Profiling immune responses induced by either infection or vaccination can provide insight into identification of correlates of protection. Furthermore, profiling of serological responses can be used to identify biomarkers indicative of exposure to pathogens. Conducting such immune surveillance requires readout methods that are high-throughput, robust, and require small sample volumes. While the enzyme-linked immunosorbent assay (ELISA) is the classical readout method for assessing serological responses, the advent of multiplex assays has significantly increased the throughput and capacity for immunoprofiling. This report describes the development and assay performance (sensitivity, linearity of detection, requirement for multiple dilutions for each sample, intra- and inter-assay variability) of an electro-chemiluminescence (ECLIA)-based multiplex assay.
Vaccines based on Plasmodium falciparum apical membrane antigen 1 (AMA1) have failed due to extensive polymorphism in AMA1. To assess the strain-specificity of antibody responses to malaria infection and AMA1 vaccination, we designed protein and peptide microarrays representing hundreds of unique AMA1 variants. Following clinical malaria episodes, children had short-lived, sequence-independent increases in average whole-protein seroreactivity, as well as strain-specific responses to peptides representing diverse epitopes.
The Plasmodium falciparum (Pf) cysteine-rich protective antigen (PfCyRPA) has emerged as a promising blood-stage candidate antigen for inclusion into a broadly cross-reactive malaria vaccine. This highly conserved protein among various geographical strains plays a key role in the red blood cell invasion process by P. falciparum merozoites, and antibodies against PfCyRPA can efficiently prevent the entry of the malaria parasites into red blood cells.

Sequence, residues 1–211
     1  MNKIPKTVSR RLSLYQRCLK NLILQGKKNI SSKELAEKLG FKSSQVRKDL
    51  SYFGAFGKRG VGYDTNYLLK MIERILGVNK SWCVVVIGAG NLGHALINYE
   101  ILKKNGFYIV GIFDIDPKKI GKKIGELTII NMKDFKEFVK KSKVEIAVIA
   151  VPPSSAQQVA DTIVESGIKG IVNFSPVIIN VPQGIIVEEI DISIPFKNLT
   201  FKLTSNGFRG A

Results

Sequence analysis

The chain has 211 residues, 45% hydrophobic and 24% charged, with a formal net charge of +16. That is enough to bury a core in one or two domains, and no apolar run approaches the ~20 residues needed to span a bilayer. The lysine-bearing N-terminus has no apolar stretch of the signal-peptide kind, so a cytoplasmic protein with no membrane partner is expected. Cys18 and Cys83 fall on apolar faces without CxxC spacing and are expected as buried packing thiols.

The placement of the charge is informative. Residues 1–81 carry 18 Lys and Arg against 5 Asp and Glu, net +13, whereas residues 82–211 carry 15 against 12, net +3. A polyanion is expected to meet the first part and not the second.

Vaccination induces survival of otherwise lethal blood-stage infections of the experimental malaria Plasmodium chabaudi. Blood-stage malaria induces extramedullary erythropoiesis in the liver. This study investigates how vaccination affects the course of malaria-induced expression of erythrocytic genes in the liver.
The World Health Organization has recommended pilot implementation of a candidate vaccine against malaria (RTS,S/AS01) in selected sub-Saharan African countries. This exploratory study aimed to estimate the costs of implementing RTS,S in Burkina Faso, Ghana, Kenya, Mozambique, and Tanzania.
Objectors to applications in public health assert that because it is impossible to obtain informed consent that the technology is inadequate. What a remarkable conclusion!
In the early 1990s, when scientists first came up with a radical new idea to engineer mosquitoes that would no longer be capable of transmitting pathogens, some thought of an even more fantastic application. Use mosquitoes to vaccinate people. Silence followed until now...